Ligand retargeting by binding site analogy

TitleLigand retargeting by binding site analogy
Publication TypeJournal Article
Year of Publication2019
AuthorsWiedmer L., Schärer C., Spiliotopoulos D., Hürzeler M., Śledź P., Caflisch A.
JournalEuropean Journal of Medicinal Chemistry
Date Published2019 Apr 25
Type of ArticleResearch Article
KeywordsAspartic Acid Proteases, Binding Sites, computational drug discovery, continuum electrostatics, Crystallography, Drug Design, MTH1

The DNA-repair enzyme MutT homolog 1 (MTH1) is a potential target for a broad range of tumors. Its substrate binding site features a non-catalytical pair of aspartic acids which resembles the catalytic dyad of aspartic proteases. We hypothesized that inhibitors of the latter might be re-targeted for MTH1 despite the two enzyme classes having different substrates and catalyze different reactions. We selected from the crystal structures of holo aspartic proteases a library of nearly 350 inhibitors for in silico screening. Three fragment hits were identified by docking and scoring according to a force field-based energy with continuum dielectric solvation. These fragments showed good ligand efficiency in a colorimetric assay (MW<300 Da and IC<50μM). Molecular dynamics simulations were carried out for determining the most favorable interaction patterns. On the basis of the simulation results we evaluated in vitro seven commercially available compounds, two of which showed submicromolar potency for MTH1. To obtain definitive evidence of the predicted binding modes we solved the crystal structures of five of the 10 inhibitors predicted in silico. The final step of hit optimization was guided by protein crystallography and involved the synthesis of a single compound, the lead 11, which shows nanomolar affinity for MTH1 in two orthogonal binding assays, and selectivity higher than 2000-fold against its original target (BACE1). The high rate of fragment-hit identification and the fast optimization suggest that ligand retargeting by binding site analogy is an efficient strategy for drug design.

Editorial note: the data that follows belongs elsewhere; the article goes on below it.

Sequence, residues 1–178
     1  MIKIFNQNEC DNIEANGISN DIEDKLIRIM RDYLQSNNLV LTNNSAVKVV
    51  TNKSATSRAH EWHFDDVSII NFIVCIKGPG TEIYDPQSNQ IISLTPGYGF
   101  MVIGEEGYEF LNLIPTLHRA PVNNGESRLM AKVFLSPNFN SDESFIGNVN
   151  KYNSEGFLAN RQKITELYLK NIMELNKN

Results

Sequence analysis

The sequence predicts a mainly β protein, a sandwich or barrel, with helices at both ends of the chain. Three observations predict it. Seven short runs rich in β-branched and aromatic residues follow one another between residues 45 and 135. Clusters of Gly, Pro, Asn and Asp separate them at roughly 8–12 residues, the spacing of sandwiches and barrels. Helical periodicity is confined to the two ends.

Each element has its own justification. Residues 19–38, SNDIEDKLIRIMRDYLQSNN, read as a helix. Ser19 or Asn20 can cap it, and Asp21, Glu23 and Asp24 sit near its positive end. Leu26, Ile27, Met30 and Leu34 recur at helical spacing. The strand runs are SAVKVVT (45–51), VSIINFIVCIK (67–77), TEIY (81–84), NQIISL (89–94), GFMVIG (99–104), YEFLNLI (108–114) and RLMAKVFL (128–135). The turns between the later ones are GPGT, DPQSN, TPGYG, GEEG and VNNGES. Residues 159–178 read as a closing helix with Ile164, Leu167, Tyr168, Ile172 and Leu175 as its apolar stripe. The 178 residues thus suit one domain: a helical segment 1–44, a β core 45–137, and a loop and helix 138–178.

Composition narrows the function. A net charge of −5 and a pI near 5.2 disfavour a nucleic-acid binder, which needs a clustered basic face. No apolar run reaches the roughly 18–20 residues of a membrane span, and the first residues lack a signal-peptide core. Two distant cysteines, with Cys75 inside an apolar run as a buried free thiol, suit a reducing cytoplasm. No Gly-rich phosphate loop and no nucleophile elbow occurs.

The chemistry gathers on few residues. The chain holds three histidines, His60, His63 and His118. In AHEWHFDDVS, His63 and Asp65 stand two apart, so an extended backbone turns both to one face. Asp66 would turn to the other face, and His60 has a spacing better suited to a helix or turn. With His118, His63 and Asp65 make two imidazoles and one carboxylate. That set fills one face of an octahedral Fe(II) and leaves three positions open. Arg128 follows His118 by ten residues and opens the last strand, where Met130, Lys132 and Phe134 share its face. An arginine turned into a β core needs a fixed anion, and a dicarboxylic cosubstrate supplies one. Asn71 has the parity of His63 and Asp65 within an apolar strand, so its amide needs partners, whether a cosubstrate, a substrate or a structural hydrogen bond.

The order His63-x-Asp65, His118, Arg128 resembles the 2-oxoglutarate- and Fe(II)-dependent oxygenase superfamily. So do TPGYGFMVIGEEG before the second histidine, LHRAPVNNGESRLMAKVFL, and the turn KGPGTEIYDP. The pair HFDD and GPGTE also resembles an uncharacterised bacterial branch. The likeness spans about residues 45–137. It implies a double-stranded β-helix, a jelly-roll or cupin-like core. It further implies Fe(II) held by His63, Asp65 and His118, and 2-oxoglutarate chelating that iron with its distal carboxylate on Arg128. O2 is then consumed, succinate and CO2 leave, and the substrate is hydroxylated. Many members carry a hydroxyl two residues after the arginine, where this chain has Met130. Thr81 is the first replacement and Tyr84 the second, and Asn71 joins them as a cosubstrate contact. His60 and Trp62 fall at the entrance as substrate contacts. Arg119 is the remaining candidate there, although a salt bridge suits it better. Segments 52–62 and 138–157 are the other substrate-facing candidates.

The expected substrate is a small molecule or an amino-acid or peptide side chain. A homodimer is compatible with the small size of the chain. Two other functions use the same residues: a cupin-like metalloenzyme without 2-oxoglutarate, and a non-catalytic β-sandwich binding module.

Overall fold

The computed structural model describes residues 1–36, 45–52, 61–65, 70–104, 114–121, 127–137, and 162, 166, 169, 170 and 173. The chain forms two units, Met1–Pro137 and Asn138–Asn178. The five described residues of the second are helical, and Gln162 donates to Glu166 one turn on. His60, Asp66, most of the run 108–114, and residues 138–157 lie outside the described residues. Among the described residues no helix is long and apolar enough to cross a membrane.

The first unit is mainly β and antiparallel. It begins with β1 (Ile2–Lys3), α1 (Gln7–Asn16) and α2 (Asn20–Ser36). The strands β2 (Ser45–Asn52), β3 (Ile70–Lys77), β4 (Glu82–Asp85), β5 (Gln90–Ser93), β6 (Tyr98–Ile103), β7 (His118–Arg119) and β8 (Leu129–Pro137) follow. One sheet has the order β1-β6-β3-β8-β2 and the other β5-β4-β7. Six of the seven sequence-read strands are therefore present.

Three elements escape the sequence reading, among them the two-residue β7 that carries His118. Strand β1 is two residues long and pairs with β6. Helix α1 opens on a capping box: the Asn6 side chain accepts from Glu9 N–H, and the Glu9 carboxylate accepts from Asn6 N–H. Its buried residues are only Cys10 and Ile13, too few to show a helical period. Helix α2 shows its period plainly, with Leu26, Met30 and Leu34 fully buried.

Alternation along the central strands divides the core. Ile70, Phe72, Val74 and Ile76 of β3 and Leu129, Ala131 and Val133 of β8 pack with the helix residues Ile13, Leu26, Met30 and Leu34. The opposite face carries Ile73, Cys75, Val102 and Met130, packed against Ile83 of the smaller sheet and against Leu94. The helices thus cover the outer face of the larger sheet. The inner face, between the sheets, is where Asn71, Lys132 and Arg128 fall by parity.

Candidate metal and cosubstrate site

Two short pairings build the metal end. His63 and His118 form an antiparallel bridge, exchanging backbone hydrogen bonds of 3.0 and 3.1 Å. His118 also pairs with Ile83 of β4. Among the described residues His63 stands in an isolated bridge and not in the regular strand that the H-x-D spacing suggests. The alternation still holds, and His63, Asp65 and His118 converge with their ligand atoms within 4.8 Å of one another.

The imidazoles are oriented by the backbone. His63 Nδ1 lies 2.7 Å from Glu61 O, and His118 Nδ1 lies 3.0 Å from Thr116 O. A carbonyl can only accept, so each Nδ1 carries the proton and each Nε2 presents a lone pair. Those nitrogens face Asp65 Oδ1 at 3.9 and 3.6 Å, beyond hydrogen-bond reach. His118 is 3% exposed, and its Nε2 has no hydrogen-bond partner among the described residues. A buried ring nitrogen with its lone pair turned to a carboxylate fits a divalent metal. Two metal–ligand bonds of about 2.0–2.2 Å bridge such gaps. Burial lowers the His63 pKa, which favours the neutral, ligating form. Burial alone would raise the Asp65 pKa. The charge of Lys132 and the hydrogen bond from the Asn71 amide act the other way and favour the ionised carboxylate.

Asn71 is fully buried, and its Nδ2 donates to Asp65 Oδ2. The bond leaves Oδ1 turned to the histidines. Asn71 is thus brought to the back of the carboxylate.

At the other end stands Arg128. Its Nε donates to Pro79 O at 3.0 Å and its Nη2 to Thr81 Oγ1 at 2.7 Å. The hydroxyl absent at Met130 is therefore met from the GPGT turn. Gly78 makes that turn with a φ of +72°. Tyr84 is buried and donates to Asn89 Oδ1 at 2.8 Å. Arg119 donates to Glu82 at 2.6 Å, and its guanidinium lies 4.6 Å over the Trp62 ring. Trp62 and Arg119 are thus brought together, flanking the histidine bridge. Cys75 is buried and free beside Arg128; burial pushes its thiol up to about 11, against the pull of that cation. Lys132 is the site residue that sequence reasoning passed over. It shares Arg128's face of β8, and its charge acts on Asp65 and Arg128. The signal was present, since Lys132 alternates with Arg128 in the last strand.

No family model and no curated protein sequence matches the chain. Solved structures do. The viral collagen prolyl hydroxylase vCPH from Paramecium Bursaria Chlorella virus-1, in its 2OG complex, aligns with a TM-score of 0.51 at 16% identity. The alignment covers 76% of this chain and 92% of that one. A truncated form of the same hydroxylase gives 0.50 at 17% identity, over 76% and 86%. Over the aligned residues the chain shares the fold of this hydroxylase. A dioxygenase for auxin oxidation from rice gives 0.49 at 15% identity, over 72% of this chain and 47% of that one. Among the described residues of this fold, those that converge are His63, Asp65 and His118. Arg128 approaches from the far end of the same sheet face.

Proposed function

Alternate JournalEur J Med Chem
PubMed ID31077996
Highlight Role: 
Drug Design